That’s still not where the biggest value lies though. It lies in the process of communication between you and your partner. I never recommend filling out the hospital’s version of a birth plan for a couple of reasons. First, they only give you the options they want you to think you have. Second, it doesn’t require as much critical thought on your part. When you write your preferences from scratch (even if you use examples from others for help), it requires more discussion. You come to an agreement with each other, and you stand more firm in your decision to include each bullet point you type out. You whittle your list down to one front side of one page, so that every single thing on that page represents your top priorities.
For some, those top priorities might include having a birth environment that is relaxing, while others might prioritize mentioning that they want as few medical interventions as possible. Still others might talk about how they want to be involved with all decision making and give their consent for each and every decision/procedure, even the stuff that is “standard hospital procedure.” People’s priorities vary based on past experiences, stories they have heard from friends and family, or even just the way they live their lives. There is SO MUCH value in the process and what you write down.
I am always thrilled when nurses ask my clients if they have a birth plan and then read through it right in front of them and ask clarifying questions if necessary. I hear reports that most doctors and midwives are equally receptive during prenatal visits. Prenatal visits are an excellent time to test whether you are really on the same page as your provider. If they keep pushing you off when you bring up writing a birth plan or they tell you they’ll look at it at your next appointment, this is a big red flag that they have no intention to let you have any say in how your birth goes. They want you to lower your expectations for your birth and put all your trust in them to do it their way. If they tell you that it’s not worth writing one because it won’t change your birth outcome, they’re absolutely wrong.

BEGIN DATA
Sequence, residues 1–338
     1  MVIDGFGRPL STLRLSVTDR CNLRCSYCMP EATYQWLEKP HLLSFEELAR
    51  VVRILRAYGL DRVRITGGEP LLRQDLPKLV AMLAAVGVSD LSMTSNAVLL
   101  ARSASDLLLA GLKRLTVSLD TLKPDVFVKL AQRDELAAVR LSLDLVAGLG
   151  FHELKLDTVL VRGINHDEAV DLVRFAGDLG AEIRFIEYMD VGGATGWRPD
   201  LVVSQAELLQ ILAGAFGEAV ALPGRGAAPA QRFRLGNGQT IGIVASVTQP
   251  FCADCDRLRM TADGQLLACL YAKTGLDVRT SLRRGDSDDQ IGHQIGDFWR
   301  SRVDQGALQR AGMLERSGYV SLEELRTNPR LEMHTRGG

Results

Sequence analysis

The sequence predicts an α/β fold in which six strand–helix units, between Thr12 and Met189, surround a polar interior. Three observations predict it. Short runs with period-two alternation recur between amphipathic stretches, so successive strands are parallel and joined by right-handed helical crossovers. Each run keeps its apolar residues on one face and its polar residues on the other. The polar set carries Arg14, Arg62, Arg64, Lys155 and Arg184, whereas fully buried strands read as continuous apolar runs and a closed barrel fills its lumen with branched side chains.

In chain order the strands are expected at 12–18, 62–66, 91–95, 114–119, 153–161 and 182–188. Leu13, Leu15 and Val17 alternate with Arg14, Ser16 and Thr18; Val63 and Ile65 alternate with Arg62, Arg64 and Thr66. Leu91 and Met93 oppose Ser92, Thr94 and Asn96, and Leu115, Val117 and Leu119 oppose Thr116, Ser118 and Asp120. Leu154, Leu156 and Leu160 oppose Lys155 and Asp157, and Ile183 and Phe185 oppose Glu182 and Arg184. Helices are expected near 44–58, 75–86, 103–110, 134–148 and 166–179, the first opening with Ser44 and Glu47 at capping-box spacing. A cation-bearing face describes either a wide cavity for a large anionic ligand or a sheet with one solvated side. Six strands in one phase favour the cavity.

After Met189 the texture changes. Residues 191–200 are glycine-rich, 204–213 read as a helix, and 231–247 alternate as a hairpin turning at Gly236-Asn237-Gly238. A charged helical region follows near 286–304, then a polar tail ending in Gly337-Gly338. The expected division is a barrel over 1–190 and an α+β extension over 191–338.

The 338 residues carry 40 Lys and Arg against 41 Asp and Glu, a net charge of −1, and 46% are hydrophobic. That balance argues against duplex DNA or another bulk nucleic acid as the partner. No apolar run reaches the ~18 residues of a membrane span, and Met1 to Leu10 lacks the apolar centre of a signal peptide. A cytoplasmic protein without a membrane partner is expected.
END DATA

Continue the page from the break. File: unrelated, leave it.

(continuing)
It’s possible that something totally out of your control will come up and require medical intervention, but if you are able to be involved in the decision-making, if you feel empowered during your birth, and you know that the intervention is necessary, then you’re going to feel so much better about your birth outcome than someone whose birth just happened to them.
Take the time. Talk with each other. Research your options. Write them down. And whatever you decide to call that sheet of paper – birth plan, birth preferences, birth vision, or something else completely – know that it does have value. You might learn about options you didn’t know you had. It might put you on the same page on topics you didn’t know you disagreed on. It might teach you that you need to find a new doctor or midwife while there is still time, or it might confirm that you’re right where you need to be, that you are on the same page, and that you feel prepared – however your labor unfolds.